By combining the above, I was able to improve the processing time per message on a critical subscription for the client from ~15 seconds to ~3 seconds and total messages processed per hour from ~240 to ~12000.

11. Have message versioning and remain backward compatible

It’s only a matter of when, not if, that your messages need to be changed. To make moving forward easier and seamless, have a message versioning strategy to start with and make those changes in a backward compatible way.

Prepare yourself for the situation that different subscriptions of a single topic contain different message versions. This allows subscribers to be upgraded at their own pace, while not blocking those that can process the new version.

Old message versions can ultimately be retired when all subscribers are upgraded.

12. Have idempotent subscribers

Even with other measures in place such as duplicate detection. It’s very likely that your subscriber receives the same message twice. For example, this can happen when during the time a subscriber is processing a message, its lock expires and the message is released back to the subscription queue. So you have to make sure your subscribers process messages idempotently. This can be achieved via various mechanisms depending on your circumstance, but checking against message timestamps or unique message IDs can be a simple effective measure.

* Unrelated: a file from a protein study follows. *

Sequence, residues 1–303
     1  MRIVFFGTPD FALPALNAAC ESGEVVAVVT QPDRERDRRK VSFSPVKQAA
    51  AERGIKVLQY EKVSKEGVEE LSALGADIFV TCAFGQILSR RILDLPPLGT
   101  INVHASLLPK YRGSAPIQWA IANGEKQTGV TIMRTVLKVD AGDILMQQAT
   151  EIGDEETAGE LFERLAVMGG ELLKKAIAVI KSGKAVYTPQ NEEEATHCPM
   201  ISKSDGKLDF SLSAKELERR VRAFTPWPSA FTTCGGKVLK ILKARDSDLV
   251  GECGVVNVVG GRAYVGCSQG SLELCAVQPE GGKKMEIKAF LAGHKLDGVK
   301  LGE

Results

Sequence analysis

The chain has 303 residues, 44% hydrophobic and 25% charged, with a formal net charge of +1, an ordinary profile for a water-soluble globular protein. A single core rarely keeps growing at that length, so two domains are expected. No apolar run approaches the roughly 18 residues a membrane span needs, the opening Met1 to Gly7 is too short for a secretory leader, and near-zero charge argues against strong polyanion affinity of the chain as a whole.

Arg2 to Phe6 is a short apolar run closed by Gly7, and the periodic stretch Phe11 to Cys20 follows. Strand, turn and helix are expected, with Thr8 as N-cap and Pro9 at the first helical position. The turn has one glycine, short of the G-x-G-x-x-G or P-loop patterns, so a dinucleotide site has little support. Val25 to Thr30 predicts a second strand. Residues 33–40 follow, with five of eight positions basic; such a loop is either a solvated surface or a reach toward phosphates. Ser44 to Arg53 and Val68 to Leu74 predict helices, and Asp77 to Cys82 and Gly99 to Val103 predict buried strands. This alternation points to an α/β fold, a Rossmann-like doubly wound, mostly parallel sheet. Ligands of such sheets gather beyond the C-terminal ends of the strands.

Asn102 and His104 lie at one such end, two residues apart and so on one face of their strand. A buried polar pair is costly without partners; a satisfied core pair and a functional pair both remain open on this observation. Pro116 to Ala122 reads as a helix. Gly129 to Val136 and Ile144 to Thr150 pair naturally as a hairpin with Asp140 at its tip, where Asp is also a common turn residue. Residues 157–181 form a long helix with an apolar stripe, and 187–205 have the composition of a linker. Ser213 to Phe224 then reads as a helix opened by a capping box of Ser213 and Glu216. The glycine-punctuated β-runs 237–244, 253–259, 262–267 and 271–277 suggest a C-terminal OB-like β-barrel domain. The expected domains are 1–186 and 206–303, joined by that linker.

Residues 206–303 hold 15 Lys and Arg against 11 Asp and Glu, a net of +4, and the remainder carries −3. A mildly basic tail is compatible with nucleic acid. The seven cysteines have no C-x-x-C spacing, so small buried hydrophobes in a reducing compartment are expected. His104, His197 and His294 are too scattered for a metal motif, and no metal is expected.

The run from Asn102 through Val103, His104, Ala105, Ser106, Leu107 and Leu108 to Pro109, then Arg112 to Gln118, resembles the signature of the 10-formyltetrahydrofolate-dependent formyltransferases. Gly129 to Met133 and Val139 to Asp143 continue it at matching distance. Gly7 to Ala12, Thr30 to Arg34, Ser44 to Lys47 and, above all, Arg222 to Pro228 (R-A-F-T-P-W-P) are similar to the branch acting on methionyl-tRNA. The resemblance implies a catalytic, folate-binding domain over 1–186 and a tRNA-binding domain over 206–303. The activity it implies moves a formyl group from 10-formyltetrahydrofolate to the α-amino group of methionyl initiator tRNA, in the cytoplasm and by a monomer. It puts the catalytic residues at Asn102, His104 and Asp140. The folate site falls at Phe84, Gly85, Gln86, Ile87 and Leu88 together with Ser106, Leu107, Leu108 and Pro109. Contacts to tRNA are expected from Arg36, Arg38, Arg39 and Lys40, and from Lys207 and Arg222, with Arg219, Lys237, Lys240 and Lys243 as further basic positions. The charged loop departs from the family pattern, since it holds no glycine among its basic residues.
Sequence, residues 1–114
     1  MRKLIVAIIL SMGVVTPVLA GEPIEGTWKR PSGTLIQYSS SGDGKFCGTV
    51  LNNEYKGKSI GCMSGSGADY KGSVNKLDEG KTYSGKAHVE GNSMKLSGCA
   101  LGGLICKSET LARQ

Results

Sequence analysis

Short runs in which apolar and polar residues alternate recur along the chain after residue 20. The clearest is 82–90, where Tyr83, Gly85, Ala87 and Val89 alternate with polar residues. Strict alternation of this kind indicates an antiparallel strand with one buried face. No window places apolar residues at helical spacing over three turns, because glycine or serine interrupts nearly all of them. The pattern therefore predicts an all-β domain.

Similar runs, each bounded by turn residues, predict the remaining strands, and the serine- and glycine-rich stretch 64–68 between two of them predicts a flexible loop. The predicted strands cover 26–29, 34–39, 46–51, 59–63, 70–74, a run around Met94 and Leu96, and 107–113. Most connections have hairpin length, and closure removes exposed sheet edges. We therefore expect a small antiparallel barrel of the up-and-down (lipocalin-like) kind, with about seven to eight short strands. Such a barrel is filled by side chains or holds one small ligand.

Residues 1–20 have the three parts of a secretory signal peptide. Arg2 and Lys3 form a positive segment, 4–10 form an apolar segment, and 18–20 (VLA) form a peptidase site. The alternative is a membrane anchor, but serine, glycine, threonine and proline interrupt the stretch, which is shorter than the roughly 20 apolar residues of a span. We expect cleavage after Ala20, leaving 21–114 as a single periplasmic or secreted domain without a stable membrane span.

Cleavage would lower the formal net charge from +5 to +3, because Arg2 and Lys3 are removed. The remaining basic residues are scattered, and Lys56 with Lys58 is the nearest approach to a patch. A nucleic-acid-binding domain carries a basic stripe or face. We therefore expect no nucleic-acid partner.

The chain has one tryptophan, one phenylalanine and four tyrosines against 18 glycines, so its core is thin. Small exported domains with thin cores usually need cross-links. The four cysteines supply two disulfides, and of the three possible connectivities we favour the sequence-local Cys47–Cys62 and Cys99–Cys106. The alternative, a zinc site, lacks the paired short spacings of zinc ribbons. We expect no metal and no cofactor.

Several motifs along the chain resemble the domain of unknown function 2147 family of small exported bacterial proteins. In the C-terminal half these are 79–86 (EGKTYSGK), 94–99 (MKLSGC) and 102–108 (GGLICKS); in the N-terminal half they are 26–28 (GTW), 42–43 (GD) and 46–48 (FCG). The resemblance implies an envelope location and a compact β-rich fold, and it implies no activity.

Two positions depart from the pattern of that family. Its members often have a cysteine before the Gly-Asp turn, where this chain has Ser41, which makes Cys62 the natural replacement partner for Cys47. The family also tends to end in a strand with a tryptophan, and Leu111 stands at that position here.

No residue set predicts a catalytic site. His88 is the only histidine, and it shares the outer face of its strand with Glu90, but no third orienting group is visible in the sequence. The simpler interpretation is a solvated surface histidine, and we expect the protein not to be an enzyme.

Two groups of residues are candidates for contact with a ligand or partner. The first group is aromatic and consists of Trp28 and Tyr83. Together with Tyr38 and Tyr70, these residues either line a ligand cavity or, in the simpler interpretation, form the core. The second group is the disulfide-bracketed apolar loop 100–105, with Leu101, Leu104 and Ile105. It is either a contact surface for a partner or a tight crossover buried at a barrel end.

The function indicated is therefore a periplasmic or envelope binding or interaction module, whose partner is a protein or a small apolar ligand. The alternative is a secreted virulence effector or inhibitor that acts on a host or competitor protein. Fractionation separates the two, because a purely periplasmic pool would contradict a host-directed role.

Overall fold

In conclusion, service buses, like any other tool in our toolbox, can be misused or abused, perhaps more easily than some of the others and that’s led to many hating them. But in the right situation they are very powerful. Following the above guidelines should hopefully help you build a solid foundation for large-scale integrations over service buses and not end up with huge improvement costs. Because changing upstream design always costs exponentially more downstream.

The Dangerous EF Core Feature: Automatic Client Evaluation

Recently when going through our shiny new ASP.NET Core application’s Seq logs, I accidentally spotted a few entries like this:

The LINQ expression ‘foo’ could not be translated and will be evaluated locally.

Odd.

I dug around in the code and found the responsible queries. Some of them were quite complex with many joins and groupings, while some of the other ones were very simple stuff, like someStringField.Contains("bar", StringComparison.OrdinalIgnoreCase).